You see the Maya believed that there had already been 4 Ages to come and go and that we were in our fifth. They also believed that at the end of each previous age the world had been completely destroyed by one of the five elements. It was then reborn again only to be destroyed by one of the other elements. Each age lasted 5,125 years, and each perished in some global cataclysmic event.The first age was destroyed by fire, the second by earth, the third by air and the fourth by water. They believed the last time the earth was destroyed was 5,125 years ago (from Dec 21st 2012) and it was destroyed by a great flood that left few survivors. I'm sure you're familiar with that story from the Bible, Noah's Ark. What you may be less familiar with is that this "myth" is a common theme in the majority of all religions from all parts of the world, as well as many ancient myths and fables. On top of that there's quite a bit of Archaeological evidence of the Great Flood

This is but one example, over the years there have been many more discoveries which have led most archaeologists to the conclusion that there most certainly was a great flood that covered most of the earth and most seem to agree that it happened sometime around the 3000 B.C.E. mark, give or take a few hundred years.

What is "about 3,000 years" plus 2,012 years?

-About 5,125 years, the length of one of the Mayan ages, as well as the time period when the last age was supposedly destroyed by water. This age, the 5th age, is supposed to be destroyed by Ether. What does that mean exactly? Well I have an idea, but we'll get to that later. First we must go back to the original question; What is Ether.

I've given you some background on the thoughts of ether, how different cultures believed in, and there were many more than just the two I mentioned, but what is it really? Other than being an all permeating substance that connected everything in the universe, ether was thought to be the medium in which light traveled. The idea was simple, in 1800 it was known that sound waves traveled via air. Sound was created by objects moving and causing a vibration which would travel between two locations via the air. Thus, no air, meant no sound. So it was theorized that light also had to have a medium in which to move through. This medium was considered to be the ether.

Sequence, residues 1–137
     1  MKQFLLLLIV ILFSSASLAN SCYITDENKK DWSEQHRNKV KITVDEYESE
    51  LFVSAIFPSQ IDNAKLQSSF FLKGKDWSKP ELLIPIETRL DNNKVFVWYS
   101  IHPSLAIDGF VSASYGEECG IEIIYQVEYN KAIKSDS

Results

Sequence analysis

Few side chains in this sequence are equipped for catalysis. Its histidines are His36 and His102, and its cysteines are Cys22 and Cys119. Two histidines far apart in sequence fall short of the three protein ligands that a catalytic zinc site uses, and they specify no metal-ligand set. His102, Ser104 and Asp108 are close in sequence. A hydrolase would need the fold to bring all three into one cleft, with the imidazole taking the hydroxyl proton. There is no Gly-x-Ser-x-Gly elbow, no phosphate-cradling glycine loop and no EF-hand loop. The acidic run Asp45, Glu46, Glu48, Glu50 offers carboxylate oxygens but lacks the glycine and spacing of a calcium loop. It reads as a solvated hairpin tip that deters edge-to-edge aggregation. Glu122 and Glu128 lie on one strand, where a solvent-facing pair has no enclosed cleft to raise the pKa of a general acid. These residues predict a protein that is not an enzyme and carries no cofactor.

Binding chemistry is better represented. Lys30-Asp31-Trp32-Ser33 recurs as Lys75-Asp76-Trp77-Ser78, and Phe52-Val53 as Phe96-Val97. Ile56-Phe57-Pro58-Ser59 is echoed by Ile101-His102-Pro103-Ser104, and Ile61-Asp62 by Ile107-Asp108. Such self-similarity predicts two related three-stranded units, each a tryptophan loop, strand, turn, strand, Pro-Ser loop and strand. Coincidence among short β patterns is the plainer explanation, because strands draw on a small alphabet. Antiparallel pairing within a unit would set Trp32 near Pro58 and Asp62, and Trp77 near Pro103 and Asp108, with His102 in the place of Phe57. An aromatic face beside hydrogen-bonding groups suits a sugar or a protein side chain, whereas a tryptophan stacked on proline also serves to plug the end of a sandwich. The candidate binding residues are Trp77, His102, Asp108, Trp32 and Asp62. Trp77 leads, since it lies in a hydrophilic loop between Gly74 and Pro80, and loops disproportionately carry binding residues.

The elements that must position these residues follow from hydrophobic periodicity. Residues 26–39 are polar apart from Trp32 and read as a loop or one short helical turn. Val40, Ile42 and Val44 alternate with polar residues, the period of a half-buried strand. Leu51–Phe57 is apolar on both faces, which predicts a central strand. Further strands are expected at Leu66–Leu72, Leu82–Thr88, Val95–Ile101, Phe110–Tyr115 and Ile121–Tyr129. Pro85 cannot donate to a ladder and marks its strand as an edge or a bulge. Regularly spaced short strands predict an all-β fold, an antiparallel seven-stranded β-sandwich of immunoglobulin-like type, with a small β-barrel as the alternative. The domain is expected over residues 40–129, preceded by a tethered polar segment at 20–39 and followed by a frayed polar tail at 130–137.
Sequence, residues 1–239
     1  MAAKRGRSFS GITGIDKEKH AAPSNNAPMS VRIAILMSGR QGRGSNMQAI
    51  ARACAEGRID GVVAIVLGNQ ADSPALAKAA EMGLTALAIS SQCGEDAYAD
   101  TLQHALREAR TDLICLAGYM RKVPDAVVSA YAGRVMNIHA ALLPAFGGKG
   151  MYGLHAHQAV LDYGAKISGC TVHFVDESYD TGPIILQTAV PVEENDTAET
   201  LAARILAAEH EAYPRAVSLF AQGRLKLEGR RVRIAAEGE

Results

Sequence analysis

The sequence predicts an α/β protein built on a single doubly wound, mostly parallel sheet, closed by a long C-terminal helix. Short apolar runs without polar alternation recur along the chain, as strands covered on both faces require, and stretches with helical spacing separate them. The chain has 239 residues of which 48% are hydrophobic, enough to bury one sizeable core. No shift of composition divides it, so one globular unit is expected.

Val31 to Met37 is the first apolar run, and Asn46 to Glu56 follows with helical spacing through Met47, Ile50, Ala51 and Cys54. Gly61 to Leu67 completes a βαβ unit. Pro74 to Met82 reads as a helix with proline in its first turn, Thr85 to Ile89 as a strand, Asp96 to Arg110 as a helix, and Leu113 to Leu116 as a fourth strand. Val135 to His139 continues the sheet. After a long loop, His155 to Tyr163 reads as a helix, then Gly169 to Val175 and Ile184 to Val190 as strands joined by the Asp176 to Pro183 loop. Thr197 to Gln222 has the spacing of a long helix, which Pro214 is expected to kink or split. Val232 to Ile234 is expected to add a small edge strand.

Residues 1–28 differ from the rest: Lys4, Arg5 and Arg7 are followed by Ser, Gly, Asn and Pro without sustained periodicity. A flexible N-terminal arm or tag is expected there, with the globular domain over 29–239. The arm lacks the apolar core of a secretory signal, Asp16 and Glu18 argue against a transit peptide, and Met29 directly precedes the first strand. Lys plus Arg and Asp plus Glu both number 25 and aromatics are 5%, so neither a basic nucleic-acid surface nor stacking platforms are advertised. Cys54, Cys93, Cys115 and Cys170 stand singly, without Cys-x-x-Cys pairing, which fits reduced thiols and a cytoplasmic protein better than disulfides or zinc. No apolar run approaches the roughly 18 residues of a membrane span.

Many tests were conducted in the 1800-1900's in attempts to prove the existence of ether, all of which failed, but do not let this automatically dismiss the idea. We've come a long way since then. Ron Pearson has apparently proven the existence of the ether mathematically. Unfortunately you'd have to be a mathematician to understand it, which doesn't really help much. Ron Pearson's idea of Ether is much more intricate and grand. He actually refers to it as the "i-ther" because he believes it to have it's own form of intelligence or consciousness. Now I know that sounds crazy, so let me break it down for you.

At this point we need to further examine Ron Pearson's Theory of how the universe works.

Unfortunately this is as far as I got, I know it still hasn't answered anything, it's only left you with even more questions than you started with, and although you learned something, none of your original questions were answered. Well be patient young grasshopper we're getting there. If you want to learn a bit more in the mean time I have some great interviews for you to watch.

The Science of Eternity:

The Scientific and Rational Case for Life after Death


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Just quickly read the article. It is my belief that science and religion can coexist, and that they should coexist. It is our job to put them together is a cohesive, functioning, workable unit that allows science to prove religion and religion to prove science. In general the scientific community is way too opposed to working with the religious community. To the point that the scientists' science has become their religion. If you don't accept what they believe then you are out. And the scientists can be very passionate and aggressive in these viewpoints. Case in point. When someone comes along in an effort to say Darwinism may not be right. Ho boy, does the scientific community get up in arms and works to discredit that someone.